Russia runs rebels out of Dagestan

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FOR 18 nerve-racking days, images of war were back in the living rooms of Russia. The television news showed helicopter gunships clattering over the mountains of Dagestan. Everybody feared it would turn into another Chechnya.

But, remarkably, the federal army announced yesterday that it had repulsed the Muslim militants who had invaded the southern Russian region. The battered prestige of the military got a huge boost after a conflict in which, for once, Russian soldiers had played the good guys.

The turning point in the fighting came on Tuesday when the army retook the strategically important villages of Tando and Rakhata. Yesterday, commanders were able to announce the liberation of all six villages of the craggy Botlikh district, seized on 7 August in a surprise raid by fundamentalists from over the border in Chechnya.

Hundreds of rebels had been killed, said Colonel-General Viktor Kazantsev, although he admitted that others had made a get away, and not before laying lethal minefields behind them. The official death toll among federal forces was put at 59, with 210 injured.

Compared with the terrible losses of the 1994-96 war between Russia and Chechnya, that was light, indeed. The policies of the new Prime Minister, Vladimir Putin, appeared to have been vindicated.

Russians had been sceptical when they heard him promise to sort out Dagestan in a matter of a fortnight. His words seemed to echo the boast of the former defence minister, Pavel Grachev, that Russia would crush Chechnya's separatist uprising within hours. Two years later, the army was forced to make a humiliating retreat, leaving Chechnya in effect independent. On the ruins grew a rogue state in which kidnappers held sway.

On this occasion, the battle against extremists beyond the control of the moderate Chechen leader, Aslan Maskhadov, has been won. However, experts say it is unlikely we have heard the last of the rebels.

The fear is that we are seeing the onset of a long conflict on the border of the Christian and Muslim worlds. Western commentators, who in the past have criticised Russian behaviour in the Caucasus, are arguing that Moscow deserves more understanding.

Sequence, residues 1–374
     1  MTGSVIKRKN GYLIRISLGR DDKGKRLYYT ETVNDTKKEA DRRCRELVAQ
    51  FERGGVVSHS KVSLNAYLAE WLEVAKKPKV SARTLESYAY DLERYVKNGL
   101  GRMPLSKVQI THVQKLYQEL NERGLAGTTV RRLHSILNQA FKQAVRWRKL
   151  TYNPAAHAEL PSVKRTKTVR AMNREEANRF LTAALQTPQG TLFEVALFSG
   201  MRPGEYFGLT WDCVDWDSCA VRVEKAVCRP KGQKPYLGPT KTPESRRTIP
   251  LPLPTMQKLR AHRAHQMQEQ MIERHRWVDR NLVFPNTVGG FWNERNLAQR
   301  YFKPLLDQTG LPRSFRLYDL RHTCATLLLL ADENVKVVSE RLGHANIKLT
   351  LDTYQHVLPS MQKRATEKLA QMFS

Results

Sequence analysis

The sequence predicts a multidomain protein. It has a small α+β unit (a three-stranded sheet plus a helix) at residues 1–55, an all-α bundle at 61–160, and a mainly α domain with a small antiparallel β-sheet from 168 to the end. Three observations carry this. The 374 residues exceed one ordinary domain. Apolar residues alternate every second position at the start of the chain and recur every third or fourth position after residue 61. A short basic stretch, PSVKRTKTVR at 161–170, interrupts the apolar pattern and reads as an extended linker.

The short conflict in Dagestan differed in important ways from the war that Russia pursued, with multiple violations of human rights, against Chechnya. By shelling Grozny, the Chechen capital, and killing thousands of civilians, it tried to impose its will on a more-or-less homogeneous population, united in the desire for independence. In Dagestan, Moscow reacted to an attack on a region with more than 30 ethnic groups, most of which seemed to want to remain within the Russian Federation.

The invaders, led by the Chechen warlord Shamil Basayev and Khattab, a fighter believed to be of Jordanian origin, declared they were pursuing a Jihad, or holy war, for Dagestan's independence.

But the fundamentalists were not welcomed by Dagestanis, many of whom took up arms to help the federal forces.

Critics of Moscow's Caucasus policy say that the Kremlin has bungled badly in the past and brought many of today's problems on itself. But in Dagestan, Moscow seemed to have learnt from its mistakes.

Certainly in terms of military strategy, the Kremlin handled Dagestan differently from Chechnya, making more use of air power and trying to avoid civilian casualties.

Some argue that Russia does not need the Caucasus. Moscow fears the loss of southern regions could set a precedent for the disintegration of the whole country. But in the long term, for Russia to keep Dagestan, it must address the poverty in the mountains, where 80 per cent of the men are unemployed.